Radical Right Expert: Donald Trump Is A White Supremacist Asset
Mark Potok is an expert on the American radical right who was a senior official at the Southern Poverty Law Center civil rights organization for 20 years and is now a Senior Fellow at the Centre for Analysis of the Radical Right.
Donald J. Trump describes Latino immigrants as “rapists” and drug dealers, comparing them to “vermin” who “infest” the United States. They are, he says, like “vomit” pouring across the border.
Trump says black people inhabit “hellholes” in America’s inner cities, that Africa is a “shithole country,” that Haitian immigrants “all have AIDS,” and that Nigerian immigrants will never “go back to their huts.” He directly encouraged violence against black protesters during his campaign rallies.
He says that four congresswomen of color, three of them born in America, should “go back” to their countries. Attacking a black congressman from Baltimore, Trump said the man’s black-majority district is a “disgusting, rat and rodent-infested mess” where “no human” would want to live.
And he sought a “total and complete” ban on Muslim immigration, insisting most Muslims “hate” the United States — only one part of a set of draconian immigration policies that are a clear attempt to preserve a white majority. Just this week, Trump retweeted a British activist who has called for a “final solution” for Muslims in the United Kingdom.
But up until now, the president of the United States has gone relatively soft on Jews, noting that his daughter, son-in-law and grandchildren are Jewish. Oh sure, he did run one ad featuring Hillary Clinton, a Star of David and a heap of dollars. His last 2016 campaign ad did talk about international “globalists” in terms that recall classic anti-Semitic tropes. He did say that neo-Nazis chanting “Jews will not replace us” included “some very fine people.” But Trump says he’s against anti-Semitism, likes Jews “counting my money,” and really digs Israel.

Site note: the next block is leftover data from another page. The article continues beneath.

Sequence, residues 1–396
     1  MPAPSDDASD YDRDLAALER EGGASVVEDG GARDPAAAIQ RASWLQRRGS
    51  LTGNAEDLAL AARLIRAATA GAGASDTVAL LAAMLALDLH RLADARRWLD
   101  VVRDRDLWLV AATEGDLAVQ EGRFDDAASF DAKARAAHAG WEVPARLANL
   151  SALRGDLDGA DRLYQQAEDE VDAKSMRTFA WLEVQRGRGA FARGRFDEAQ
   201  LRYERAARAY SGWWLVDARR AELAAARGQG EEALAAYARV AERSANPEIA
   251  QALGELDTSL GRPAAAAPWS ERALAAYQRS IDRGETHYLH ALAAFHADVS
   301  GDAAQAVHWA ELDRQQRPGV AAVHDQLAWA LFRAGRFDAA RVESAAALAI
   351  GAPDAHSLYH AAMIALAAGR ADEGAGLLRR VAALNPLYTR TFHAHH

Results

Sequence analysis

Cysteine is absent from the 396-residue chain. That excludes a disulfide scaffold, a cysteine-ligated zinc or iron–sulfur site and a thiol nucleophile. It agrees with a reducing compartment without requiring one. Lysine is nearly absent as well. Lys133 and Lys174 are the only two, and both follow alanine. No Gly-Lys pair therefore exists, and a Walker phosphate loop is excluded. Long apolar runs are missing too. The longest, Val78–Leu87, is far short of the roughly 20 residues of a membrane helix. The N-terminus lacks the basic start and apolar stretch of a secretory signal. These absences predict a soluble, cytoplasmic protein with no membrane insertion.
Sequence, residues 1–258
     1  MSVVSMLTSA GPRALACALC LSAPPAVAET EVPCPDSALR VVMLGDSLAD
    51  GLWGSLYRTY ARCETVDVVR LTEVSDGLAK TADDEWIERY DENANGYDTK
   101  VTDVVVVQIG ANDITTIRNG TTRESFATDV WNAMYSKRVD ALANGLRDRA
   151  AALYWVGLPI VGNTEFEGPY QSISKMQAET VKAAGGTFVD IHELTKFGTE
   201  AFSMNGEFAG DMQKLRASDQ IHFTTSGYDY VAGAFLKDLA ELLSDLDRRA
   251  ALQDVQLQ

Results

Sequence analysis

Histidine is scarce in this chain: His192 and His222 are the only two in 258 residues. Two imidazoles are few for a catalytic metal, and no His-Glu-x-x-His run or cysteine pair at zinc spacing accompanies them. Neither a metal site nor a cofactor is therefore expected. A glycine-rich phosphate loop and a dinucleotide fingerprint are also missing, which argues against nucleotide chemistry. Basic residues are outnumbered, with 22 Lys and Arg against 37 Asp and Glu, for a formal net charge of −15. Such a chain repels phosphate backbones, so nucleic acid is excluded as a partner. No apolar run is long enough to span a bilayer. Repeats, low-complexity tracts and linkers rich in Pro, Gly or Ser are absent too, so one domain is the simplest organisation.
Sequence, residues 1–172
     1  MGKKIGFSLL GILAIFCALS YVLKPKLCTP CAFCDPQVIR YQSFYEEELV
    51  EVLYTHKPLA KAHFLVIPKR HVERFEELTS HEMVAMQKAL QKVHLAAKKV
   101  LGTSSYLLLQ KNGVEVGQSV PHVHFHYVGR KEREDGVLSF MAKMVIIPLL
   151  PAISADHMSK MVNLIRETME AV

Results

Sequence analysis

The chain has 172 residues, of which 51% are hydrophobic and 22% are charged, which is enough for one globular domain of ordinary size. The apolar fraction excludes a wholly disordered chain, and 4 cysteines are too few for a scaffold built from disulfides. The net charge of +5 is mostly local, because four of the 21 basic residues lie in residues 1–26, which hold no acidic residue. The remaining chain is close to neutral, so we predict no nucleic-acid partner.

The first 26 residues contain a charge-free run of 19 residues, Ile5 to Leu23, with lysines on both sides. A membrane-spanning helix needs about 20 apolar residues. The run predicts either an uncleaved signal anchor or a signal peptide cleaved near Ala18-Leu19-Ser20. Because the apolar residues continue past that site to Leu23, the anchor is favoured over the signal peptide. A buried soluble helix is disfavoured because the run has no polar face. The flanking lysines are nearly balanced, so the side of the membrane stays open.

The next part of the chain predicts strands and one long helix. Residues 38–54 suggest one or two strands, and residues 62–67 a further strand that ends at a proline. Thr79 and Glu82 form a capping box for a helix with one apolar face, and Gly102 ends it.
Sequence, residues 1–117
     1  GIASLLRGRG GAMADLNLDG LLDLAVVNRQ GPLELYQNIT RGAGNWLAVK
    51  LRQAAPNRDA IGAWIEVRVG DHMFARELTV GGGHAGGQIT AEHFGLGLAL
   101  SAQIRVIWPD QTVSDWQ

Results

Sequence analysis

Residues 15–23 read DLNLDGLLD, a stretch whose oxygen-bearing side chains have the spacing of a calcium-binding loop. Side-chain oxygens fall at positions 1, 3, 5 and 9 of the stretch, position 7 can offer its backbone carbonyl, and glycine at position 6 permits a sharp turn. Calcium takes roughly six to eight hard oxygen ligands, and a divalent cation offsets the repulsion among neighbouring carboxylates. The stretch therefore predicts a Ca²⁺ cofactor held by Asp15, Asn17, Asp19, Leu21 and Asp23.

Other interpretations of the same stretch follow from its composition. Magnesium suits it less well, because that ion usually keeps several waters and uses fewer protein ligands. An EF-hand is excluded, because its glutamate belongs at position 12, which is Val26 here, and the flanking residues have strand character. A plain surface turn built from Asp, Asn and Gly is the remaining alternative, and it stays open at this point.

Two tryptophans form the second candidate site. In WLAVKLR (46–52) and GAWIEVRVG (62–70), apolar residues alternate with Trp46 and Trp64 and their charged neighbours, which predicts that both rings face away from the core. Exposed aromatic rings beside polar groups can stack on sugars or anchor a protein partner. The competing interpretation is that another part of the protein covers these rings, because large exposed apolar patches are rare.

This week, he crossed that final Rubicon.
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On Tuesday, after apparently convincing Israeli Prime Minister Benjamin Netanyahu to bar visits by two of the Democratic congresswomen he attacked earlier, Trump accused American Jews who vote for Democrats of being either ignorant or “disloyal” to the United States. About three-quarters of American Jews have consistently voted Democratic in recent years.
“Where has the Democratic Party gone? Where have they gone that they are defending these two people over the state of Israel?” he asked after leaders across the political spectrum criticized both Trump and Netanyahu for the unprecedented diplomatic insult. “I think any Jewish people that vote for a Democrat, I think it shows either a total lack of knowledge or a great disloyalty.”
The comment approached the incredible. The claim of ignorance was a simple schoolyard insult of the type that Trump is well known for. But to suggest that Jews who vote for Democrats are “disloyal” is to invoke one of the most well known and Nazi-like anti-Semitic claims of the ages — the accusation that Jews have “dual loyalties” that make them enemies of their own countries.
I have been studying the radical right for 22 years, 20 of them as an official of the Southern Poverty Law Center. In that time, I’ve noticed repeatedly how adopting anti-Semitism is the final bridge to all-out right-wing radicalism. Many garden-variety racists have ugly views of blacks, gays, Latinos, and Muslims. But once they get into the Jews, they often have reached the fringe of the fringe.